Isolation and differentiation of canine dental pulp stem cells in neural progenitor cells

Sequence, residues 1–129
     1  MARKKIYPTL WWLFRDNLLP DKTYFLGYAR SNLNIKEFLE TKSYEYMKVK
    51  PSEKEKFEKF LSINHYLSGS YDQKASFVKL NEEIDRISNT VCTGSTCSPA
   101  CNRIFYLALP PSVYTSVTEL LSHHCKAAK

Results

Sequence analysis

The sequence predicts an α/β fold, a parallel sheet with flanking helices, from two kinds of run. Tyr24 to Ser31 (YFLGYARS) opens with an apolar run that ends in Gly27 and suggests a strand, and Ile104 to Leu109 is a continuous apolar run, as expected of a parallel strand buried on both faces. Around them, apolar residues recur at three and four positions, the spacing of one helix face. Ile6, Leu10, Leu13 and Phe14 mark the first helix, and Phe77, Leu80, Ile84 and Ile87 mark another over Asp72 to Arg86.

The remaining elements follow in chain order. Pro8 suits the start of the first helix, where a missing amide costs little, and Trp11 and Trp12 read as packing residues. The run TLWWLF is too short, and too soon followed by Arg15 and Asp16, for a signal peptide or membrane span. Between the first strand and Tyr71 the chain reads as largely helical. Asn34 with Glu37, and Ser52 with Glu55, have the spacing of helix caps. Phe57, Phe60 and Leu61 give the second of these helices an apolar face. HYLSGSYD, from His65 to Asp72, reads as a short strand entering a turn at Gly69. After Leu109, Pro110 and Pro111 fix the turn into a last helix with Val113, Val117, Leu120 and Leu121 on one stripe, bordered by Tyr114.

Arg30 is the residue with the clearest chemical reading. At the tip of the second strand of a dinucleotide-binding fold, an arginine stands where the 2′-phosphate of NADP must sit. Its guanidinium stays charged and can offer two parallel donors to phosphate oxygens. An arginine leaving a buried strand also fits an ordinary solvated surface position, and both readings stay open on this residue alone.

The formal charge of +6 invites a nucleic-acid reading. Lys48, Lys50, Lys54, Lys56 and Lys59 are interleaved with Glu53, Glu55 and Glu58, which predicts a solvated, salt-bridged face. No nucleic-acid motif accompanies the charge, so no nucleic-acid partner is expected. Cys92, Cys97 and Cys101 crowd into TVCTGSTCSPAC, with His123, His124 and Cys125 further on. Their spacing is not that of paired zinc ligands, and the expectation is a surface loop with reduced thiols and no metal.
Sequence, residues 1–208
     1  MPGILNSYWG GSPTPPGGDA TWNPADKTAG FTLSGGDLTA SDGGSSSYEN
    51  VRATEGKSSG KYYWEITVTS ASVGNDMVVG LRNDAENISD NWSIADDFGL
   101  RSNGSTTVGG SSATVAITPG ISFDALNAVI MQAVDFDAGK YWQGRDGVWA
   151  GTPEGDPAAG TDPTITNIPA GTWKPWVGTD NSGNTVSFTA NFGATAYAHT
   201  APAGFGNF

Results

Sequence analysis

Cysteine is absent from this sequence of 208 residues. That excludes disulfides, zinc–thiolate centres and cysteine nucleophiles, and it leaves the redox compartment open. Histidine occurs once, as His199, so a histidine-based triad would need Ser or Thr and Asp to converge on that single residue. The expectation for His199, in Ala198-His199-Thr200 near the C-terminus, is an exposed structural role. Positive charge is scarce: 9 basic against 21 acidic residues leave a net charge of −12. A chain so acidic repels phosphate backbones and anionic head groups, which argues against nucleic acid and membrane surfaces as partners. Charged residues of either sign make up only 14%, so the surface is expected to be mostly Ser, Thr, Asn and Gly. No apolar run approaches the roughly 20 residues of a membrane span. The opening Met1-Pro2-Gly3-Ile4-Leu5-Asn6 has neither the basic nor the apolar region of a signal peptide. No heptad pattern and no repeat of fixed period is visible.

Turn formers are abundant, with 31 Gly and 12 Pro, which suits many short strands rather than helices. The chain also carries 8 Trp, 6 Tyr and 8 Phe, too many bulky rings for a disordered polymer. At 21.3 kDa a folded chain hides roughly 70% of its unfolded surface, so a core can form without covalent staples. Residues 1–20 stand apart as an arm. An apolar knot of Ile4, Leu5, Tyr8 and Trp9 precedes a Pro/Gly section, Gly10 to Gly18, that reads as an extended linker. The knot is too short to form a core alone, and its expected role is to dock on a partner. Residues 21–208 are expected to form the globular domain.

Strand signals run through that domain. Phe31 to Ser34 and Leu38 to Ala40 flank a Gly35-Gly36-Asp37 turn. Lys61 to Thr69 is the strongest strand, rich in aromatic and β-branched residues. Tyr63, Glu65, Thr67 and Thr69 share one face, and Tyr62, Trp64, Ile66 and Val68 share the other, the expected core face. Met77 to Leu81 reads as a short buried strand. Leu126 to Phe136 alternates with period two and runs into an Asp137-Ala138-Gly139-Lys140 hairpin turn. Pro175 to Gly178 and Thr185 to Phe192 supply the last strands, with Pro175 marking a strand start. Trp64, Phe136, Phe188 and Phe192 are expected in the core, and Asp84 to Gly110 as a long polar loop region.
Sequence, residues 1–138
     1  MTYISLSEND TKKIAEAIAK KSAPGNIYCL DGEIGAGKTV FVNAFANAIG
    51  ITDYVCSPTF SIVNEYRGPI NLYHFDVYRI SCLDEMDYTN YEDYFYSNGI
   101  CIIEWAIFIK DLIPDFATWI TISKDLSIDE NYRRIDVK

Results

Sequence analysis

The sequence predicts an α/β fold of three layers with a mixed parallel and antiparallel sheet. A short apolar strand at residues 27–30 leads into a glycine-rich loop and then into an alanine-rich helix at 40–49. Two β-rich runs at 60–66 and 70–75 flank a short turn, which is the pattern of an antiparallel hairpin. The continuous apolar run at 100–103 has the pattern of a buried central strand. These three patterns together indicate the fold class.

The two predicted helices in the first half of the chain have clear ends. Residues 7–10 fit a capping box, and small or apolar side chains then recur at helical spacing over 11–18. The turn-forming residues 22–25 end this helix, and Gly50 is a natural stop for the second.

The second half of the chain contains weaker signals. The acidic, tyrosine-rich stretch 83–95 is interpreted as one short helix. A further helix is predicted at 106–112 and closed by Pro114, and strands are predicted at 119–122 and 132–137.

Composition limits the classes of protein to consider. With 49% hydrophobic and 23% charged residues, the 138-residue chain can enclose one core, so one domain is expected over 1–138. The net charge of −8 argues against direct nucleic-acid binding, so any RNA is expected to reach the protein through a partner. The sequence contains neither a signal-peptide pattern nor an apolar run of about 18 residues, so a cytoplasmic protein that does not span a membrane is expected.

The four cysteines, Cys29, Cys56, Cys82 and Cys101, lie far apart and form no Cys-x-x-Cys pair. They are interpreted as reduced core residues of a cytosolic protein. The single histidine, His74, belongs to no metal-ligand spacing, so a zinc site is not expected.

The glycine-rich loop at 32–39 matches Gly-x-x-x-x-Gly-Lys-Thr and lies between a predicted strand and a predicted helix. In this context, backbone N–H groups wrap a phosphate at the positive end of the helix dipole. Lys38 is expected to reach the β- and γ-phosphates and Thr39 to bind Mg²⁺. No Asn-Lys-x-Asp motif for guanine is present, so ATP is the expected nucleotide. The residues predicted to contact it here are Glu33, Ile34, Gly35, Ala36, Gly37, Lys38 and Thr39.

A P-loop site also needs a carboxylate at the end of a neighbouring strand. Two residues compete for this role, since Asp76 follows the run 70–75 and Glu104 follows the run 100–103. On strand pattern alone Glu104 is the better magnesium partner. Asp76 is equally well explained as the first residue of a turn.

ABSTRACT The objective of this study was to verify the differentiation capacity of canine tooth pulp stem cells in neural progenitor cells as well as to quantify the attainment and viability during three culture passages. The cells were extracted from the dental pulp of two canine cadavers, with approximately ten months of age, which died due to automotive trauma. After three subcultures, cell viability evaluation was performed by Neubauer chamber quantification. Neural differentiation was induced in neurobasal culture medium (Gibco ™), with cells adhered to the plastic or suspended in agarose-treated plates. After seven and 14 days in inducer culture, morphology and immunophenotypic profile were observed using flow cytometry and fluorescent immunocytochemistry. At 14 days the cells had a high degree of expression for anti-nestin and anti-glial fibrillary acidic (anti-GFAP) markers. Previously, an average of 18x10⁶ undifferentiated viable cells from the pulp tissue were obtained on the 25th day. It is suggested that the undifferentiated canine pulp stem cells present satisfactory differentiation indices in neural progenitor cells, adhered or suspended in culture. The dental pulp of deciduous canine teeth provides viable undifferentiated cells in adequate quantity.